In Mali, community health programmes put malnourished children on the road to recovery
By Rita Ann Wallace
Bamako, Mali, 22 May 2012 – You wouldn’t think it to look at her, but Bintou Traoré is 18 months old. She is very small for her age because her little body has not had enough nutrients to grow normally.
Bintou is struggling to survive in Mali, where an acute shortage of food is affecting not just her, but many thousands like her. Her mother moved to Bamako, leaving Bintou with her grandmother, who is also named Bintou Traoré.
A prolonged drought has devastated the already dry Sahel region of Africa. Crops have failed, and the lean season – when food from the last harvest has run out – has arrived early. Food is available in the markets, but the prices are too high for the very poor, like Bintou’s grandmother.
Stretched past the breaking point
“When we got here, Bintou couldn’t even sit up,” said Ms. Traoré. “She couldn’t stop coughing and had constant diarrhoea.”
At the hospital, too weak to eat, Bintou was diagnosed with severe acute malnutrition, a deadly condition. She was immediately started on a course of UNICEF-provided therapeutic milk, which she received eight times per day.
Bintou is not alone. There are thousands of children like her all over Mali. The fields are bare. The harvests, which were sparse in the first place, have run out. Bintou lives near Mopti, on the border of the tumultuous region to the north, where conflict on the ground has caused hundreds of thousands of people to flee their homes. And with the skyrocketing food prices, it is easy to see how the ability of poor families to cope is being stretched past the breaking point.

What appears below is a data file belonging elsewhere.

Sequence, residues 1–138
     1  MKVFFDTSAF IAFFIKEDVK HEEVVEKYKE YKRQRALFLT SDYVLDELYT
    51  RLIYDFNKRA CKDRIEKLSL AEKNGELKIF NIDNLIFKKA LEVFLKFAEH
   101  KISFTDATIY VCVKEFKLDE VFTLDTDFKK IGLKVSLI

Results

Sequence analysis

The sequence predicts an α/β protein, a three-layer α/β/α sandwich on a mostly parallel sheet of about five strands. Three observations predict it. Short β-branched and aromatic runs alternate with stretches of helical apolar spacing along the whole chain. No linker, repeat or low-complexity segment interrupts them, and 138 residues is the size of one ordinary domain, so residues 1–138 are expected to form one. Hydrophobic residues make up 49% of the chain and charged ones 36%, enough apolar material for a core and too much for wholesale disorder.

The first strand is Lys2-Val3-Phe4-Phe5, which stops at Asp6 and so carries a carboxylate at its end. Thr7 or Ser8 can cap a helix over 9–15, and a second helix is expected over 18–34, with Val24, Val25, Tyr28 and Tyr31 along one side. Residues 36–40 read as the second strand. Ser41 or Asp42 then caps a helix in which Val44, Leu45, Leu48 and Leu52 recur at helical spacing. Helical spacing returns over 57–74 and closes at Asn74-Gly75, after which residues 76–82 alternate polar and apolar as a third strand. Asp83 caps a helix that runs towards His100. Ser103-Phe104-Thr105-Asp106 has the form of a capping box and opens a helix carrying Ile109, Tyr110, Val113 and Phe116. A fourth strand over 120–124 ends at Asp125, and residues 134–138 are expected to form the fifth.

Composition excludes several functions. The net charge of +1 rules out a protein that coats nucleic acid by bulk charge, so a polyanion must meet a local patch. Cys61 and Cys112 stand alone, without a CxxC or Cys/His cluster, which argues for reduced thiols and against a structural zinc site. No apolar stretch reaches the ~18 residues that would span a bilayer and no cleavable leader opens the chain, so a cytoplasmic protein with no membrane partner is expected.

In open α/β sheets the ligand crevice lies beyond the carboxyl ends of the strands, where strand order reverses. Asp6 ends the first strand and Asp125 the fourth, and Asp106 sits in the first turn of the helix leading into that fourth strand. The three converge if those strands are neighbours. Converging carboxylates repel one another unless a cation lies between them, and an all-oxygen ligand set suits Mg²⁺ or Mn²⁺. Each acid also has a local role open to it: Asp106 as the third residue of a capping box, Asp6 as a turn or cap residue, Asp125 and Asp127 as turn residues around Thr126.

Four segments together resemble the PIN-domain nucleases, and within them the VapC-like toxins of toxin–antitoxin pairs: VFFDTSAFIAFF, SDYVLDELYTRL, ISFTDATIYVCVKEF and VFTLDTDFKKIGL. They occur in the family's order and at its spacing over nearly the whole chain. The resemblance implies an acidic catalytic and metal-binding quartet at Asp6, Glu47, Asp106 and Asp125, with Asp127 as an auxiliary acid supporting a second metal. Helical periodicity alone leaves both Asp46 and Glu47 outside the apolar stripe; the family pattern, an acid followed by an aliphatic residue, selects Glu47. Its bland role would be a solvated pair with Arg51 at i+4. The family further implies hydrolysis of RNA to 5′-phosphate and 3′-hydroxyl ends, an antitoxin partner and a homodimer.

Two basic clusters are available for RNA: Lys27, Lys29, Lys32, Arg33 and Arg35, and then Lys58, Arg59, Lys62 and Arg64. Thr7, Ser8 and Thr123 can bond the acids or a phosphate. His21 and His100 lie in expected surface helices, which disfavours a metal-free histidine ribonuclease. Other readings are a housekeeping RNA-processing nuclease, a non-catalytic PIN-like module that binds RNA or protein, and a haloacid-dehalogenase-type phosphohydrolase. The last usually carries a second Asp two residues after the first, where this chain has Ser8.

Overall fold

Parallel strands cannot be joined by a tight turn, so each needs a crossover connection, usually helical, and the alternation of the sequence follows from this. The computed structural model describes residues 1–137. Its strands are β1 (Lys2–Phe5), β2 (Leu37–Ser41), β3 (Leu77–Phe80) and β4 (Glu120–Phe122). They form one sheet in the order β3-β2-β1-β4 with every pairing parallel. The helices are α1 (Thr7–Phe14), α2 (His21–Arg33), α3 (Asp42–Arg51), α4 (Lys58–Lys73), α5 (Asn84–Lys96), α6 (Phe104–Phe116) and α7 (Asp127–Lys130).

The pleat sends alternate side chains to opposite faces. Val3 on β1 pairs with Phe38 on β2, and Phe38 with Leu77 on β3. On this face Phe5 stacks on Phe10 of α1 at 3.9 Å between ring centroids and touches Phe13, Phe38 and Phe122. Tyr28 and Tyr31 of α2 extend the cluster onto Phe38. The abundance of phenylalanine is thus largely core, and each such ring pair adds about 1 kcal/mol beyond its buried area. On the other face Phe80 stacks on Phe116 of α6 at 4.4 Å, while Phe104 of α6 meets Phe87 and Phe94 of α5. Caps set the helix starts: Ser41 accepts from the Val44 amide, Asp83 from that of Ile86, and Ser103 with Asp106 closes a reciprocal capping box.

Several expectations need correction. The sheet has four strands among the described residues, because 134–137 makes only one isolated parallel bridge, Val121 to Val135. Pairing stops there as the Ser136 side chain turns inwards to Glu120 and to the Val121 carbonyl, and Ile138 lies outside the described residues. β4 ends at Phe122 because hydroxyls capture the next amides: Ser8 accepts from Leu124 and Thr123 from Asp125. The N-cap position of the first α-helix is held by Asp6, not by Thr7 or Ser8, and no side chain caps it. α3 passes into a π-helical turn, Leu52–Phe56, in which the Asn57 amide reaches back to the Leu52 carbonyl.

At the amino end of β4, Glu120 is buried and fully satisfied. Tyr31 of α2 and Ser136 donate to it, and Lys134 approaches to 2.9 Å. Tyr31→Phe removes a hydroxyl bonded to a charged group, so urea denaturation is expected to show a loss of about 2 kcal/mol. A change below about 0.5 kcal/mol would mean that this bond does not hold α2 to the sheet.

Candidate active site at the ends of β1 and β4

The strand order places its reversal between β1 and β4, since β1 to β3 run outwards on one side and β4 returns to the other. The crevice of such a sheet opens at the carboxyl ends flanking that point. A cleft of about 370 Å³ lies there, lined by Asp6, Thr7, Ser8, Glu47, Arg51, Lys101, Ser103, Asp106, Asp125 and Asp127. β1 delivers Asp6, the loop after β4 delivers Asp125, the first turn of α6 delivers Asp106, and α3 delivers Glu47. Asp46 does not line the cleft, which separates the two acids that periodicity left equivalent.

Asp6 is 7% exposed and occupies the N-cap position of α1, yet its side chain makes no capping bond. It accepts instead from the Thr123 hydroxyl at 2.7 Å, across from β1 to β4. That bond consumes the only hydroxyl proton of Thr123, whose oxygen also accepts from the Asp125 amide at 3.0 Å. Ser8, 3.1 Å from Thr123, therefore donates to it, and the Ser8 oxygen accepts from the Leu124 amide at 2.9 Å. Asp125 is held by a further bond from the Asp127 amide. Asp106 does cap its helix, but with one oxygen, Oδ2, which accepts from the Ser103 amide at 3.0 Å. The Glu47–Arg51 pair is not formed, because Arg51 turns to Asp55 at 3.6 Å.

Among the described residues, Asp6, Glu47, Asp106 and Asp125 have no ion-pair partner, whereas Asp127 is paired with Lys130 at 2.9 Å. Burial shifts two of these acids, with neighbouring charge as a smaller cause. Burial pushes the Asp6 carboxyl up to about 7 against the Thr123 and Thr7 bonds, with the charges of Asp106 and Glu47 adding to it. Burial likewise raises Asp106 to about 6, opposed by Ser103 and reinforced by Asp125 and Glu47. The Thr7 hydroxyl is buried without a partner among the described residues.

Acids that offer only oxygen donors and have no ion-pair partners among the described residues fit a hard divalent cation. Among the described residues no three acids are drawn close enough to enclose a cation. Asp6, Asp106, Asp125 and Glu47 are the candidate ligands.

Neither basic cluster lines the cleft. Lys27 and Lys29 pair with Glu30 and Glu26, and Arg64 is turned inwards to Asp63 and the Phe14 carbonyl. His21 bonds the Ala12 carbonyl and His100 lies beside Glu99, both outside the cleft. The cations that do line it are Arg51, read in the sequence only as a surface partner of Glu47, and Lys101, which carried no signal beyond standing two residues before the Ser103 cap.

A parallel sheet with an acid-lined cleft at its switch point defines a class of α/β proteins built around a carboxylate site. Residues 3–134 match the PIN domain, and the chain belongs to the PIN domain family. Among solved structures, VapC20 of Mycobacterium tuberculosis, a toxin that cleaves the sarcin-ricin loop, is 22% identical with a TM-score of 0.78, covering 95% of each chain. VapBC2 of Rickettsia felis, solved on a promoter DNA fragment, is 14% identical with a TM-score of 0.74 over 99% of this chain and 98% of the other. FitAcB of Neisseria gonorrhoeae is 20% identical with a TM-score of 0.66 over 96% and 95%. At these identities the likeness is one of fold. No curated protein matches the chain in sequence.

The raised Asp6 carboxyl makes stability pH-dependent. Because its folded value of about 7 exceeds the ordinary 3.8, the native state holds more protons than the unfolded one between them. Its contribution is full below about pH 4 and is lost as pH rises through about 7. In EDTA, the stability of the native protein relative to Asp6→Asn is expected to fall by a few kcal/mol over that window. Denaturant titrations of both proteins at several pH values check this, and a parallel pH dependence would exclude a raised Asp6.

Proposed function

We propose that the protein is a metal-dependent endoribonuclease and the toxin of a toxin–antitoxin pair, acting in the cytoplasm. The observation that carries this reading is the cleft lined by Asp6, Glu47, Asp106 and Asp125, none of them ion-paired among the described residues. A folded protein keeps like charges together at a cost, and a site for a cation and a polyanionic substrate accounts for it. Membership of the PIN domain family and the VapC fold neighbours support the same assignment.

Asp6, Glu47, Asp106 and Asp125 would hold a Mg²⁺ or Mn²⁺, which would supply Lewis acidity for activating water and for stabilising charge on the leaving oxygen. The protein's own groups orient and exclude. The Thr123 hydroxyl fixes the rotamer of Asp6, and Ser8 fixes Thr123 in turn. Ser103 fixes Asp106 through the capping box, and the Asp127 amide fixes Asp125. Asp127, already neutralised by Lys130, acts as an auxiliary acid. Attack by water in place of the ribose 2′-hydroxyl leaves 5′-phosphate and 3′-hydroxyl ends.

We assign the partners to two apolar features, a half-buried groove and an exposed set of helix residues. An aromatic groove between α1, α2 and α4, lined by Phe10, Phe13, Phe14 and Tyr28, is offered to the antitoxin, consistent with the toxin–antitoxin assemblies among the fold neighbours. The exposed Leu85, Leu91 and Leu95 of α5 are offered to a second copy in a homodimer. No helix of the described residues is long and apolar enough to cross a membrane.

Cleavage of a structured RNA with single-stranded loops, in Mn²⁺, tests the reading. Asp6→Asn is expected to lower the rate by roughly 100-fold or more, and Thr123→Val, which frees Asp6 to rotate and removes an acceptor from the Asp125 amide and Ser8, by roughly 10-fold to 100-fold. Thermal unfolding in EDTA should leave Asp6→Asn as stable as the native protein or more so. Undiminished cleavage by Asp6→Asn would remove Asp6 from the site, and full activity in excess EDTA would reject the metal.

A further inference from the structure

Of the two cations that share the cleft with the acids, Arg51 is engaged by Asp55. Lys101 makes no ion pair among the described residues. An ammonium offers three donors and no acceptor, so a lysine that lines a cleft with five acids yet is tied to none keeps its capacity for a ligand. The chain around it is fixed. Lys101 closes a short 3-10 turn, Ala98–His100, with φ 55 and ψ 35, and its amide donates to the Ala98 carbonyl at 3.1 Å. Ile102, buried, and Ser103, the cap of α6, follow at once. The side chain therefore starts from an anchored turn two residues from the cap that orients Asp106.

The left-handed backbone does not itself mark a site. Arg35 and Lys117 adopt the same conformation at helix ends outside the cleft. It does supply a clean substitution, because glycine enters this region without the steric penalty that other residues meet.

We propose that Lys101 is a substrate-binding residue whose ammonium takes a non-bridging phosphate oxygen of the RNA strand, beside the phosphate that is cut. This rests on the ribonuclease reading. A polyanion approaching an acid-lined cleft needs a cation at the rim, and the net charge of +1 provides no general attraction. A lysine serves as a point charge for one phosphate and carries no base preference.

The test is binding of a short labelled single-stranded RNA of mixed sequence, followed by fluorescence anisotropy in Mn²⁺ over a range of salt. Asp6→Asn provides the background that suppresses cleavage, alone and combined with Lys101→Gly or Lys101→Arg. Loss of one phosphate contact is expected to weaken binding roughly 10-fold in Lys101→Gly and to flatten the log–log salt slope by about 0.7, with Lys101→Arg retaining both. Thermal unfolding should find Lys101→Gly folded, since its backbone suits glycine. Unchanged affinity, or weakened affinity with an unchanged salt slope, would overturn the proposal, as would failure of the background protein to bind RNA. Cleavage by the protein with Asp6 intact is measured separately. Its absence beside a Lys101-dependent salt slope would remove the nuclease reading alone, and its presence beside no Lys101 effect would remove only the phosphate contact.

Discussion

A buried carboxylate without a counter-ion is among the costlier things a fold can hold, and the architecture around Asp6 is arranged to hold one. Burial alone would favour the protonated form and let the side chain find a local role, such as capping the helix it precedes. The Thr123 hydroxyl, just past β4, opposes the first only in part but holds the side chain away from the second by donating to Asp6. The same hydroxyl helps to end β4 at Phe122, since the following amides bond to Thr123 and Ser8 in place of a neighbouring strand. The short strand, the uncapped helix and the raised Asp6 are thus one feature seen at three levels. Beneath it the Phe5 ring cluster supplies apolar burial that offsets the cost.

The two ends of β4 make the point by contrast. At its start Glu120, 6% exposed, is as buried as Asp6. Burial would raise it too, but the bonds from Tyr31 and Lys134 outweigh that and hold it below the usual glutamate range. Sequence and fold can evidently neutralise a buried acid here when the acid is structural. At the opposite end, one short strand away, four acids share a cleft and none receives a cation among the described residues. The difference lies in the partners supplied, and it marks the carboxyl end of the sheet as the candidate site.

According to UNICEF, over 3.5 million people in Mali will require food assistance this year, half of them children. Of these, an estimated 175,000 to 220,000 children under 5 years old are at risk of severe acute malnutrition. Country-wide, the prevalence of global acute malnutrition among children stands at 10 per cent, exceeding the UN’s alert levels.
Reaching the most vulnerable
UNICEF is working to prevent this, helping the health ministry train and equip community health workers like Belko Traoré (who is not related to Bintou’s family).
He goes from village to village evaluating children for malnutrition, educating parents about how to recognize the signs of malnutrition, and teaching them that early intervention will save their children’s lives.
“We are the link between the population and the health centre,” Mr. Traoré said. “People who are confronted with malnutrition often think that it will cost a lot of money to bring their children to the health centre so we encourage them to do it.”
For little Bintou, the signs are positive.
“When she first came here, she couldn’t sit, couldn’t hold her head straight,” her grandmother said. “But today, thank God, she can sit properly and hold up her head and she wants to eat.”